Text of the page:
This is a sassy story about a brazen badger who has decided that he is quite obviously the better species and all of his woodland friends should do their upmost to be more like him; they need to 'make an effort to be more badger!' The woodland creatures get their first dose of badger's tyrant behaviour when a wall suddenly appears overnight adorned with posters that read 'The only way is badger' and 'Badgers are best'. The forest animals are confused and puzzled at his confidence and so badger manages to convince them that his way of thinking is best. Badger then puts all his furry friends to the test to see just how badger they are, excluding and rejecting anyone who is just not up to scratch in his quest for an entirely black and white wood, just like badger himself. Unfortunately, it seems what badger doesn't realise (until it's too late!) is that the diversity of life, in all its colour, shapes, voices and habits, are what make our world a wonderful place to live in. We need to appreciate and accept everyone for their individuality. This is a brilliant story to share with children to talk about acceptance, difference and learning to say sorry. Before reaching the beautiful double page spread when badger begins to realise the error of his ways, my little ones had already started to say how unhappy they were with badger's behaviour and make predictions as to how he is going to end up. I would use this story to create a similar story with the children changing the main character to another animal with specific features that the children could incorporate into the challenges for the animals. For example, be more lion; grow a mane like me, can you roar like a lion? Climb the highest rock? The children would need to research their chosen animal to find out about its adaptations for a particular environment. And I feel the abrupt barks of the badger will excite the children to write their own demands for the animals to conquer. I love that there are lots of opportunities for writing in the classroom using this book as a stimulus. Picture book / Ages 3+ / Reviewed by Nikki Stiles, teacher.

The Only Way is Badger
Oi Duck-billed Platypus!
Kes Gray

Hodder Children's Books

ISBN 9781444937329

The latest book in the 'Oi Frog!' series, Oi Duck-billed Platypus was never going to disappoint. My class of year 1's thoroughly enjoyed this rhyming romp. And in their words 'Kes Gray is very good at rhyming, he's funny!'. The story holds direct links to the previous three books and if you haven't read those, you might end up finding it difficult to get into at first, as the humorous conversation between the frog, cat and the dog at the beginning comes across as a bit of a 'private joke' that you really can't wait to be let in on. This new vibrant addition to the picture book series seems to acknowledge the fact that after four instalments, it is becoming almost impossible to continue to generate witty rhymes with the names of different animals. And so, in this book Gray turns frogs' attentions to the 'first names' of the animals impatiently waiting to find out what they should sit on. The pace of the story picks up from here and once again frog begins to reel off wacky rhymes for each of the animals, a feat that we found nearly impossible between both the teachers and children at my school. This didn't mean we didn't enjoy trying and have a good giggle at what we couldn't come up with! I love the brightly coloured backgrounds, a different colour given to each page which stand out and would appeal to any early reader at first sight. The images are detailed and give the children lots to explore as well as clues to help work out some of those trickier phonetically decodable words. As early as EYFS children are expected to be able to continue a rhyming string, what a great place to start with a book that will motivate and enthuse them to enjoy rhyming and looking at the sounds in words. Picture book / Ages 4+ / Reviewed by Nikki Stiles, teacher.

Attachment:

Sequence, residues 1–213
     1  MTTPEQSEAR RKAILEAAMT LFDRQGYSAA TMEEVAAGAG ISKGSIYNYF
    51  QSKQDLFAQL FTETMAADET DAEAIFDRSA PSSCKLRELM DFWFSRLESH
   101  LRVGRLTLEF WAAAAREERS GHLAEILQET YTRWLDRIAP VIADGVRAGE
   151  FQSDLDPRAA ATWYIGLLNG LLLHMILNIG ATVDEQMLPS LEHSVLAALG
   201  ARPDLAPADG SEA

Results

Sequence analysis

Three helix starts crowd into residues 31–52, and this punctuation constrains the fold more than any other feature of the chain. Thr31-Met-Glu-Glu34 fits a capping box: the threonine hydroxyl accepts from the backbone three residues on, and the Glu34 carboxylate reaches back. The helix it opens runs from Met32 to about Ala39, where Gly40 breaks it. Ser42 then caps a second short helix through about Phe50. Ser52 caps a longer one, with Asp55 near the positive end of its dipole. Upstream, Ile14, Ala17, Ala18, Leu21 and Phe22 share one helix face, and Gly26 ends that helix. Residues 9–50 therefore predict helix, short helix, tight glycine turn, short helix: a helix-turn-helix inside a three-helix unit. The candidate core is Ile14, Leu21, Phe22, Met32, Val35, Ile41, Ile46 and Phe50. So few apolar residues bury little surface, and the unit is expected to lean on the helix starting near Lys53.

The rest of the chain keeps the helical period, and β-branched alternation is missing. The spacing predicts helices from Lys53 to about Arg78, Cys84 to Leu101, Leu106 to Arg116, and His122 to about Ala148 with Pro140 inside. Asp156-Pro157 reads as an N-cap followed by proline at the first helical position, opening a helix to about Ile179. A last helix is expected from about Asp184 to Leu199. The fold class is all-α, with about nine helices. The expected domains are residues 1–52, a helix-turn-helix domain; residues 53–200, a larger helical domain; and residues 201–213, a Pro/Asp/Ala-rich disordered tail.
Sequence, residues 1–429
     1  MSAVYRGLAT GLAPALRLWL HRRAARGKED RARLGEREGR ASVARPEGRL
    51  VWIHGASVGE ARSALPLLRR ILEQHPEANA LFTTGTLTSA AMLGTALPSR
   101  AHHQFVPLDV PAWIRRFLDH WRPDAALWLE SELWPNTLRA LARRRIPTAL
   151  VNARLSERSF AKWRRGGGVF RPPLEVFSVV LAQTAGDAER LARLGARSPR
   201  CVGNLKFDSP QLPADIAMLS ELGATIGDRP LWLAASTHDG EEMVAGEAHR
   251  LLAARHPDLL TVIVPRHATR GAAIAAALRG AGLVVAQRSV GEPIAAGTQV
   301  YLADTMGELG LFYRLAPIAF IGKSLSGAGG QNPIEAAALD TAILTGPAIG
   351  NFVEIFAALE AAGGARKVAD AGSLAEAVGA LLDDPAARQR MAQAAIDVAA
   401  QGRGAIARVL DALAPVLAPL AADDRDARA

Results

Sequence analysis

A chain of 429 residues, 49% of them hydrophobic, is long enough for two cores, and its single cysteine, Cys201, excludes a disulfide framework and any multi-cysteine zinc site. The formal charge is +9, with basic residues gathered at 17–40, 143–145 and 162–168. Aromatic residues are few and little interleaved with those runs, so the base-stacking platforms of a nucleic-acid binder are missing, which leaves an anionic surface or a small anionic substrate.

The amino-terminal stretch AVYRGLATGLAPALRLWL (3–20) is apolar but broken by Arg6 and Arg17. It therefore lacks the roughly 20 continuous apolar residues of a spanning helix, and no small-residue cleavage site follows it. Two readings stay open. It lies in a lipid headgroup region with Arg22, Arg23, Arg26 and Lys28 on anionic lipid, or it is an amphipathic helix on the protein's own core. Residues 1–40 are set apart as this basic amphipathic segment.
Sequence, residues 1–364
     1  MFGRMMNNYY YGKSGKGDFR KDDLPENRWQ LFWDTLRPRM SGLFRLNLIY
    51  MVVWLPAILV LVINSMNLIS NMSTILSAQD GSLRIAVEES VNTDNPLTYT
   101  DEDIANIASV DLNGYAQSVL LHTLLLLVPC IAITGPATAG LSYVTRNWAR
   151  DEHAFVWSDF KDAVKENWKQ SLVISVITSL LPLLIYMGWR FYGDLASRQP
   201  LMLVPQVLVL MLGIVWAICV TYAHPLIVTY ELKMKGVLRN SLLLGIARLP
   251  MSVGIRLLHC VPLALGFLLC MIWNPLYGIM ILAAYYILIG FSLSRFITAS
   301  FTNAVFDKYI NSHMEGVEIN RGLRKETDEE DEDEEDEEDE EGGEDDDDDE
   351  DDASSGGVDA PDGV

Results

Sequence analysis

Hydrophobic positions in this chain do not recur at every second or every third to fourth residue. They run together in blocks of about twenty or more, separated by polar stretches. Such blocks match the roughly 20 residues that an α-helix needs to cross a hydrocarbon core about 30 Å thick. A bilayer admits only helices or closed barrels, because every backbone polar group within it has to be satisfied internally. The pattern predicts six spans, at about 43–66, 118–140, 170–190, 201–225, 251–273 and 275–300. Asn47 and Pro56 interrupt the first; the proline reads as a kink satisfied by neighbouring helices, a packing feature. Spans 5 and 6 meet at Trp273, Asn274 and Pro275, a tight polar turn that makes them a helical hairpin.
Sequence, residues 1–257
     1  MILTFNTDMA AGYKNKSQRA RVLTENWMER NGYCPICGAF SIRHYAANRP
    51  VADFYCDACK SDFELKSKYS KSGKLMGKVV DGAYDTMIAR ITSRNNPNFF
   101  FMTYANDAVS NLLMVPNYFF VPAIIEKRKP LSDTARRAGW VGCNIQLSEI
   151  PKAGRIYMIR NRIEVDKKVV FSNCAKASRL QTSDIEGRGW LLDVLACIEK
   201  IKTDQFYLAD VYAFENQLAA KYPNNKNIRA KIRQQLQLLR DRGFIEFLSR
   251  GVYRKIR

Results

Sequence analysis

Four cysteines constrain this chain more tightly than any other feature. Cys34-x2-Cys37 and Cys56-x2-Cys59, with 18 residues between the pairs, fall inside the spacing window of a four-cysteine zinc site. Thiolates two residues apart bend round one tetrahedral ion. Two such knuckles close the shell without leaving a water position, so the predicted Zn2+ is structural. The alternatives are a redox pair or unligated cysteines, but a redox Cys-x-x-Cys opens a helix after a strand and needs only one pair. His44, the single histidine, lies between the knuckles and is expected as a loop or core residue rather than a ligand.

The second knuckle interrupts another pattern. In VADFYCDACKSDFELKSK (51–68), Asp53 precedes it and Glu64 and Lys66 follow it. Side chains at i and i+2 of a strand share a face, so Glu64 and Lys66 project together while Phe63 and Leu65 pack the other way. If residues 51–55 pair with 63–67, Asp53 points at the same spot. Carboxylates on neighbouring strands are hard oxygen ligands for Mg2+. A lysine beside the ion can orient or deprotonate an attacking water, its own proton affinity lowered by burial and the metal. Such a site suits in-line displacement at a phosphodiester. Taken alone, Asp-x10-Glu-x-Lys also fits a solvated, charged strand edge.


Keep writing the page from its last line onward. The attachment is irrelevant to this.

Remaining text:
Oi Duck-billed Platypus!
We Are Together
Britta Teckentrup

Caterpillar Books Ltd

ISBN 9781848576582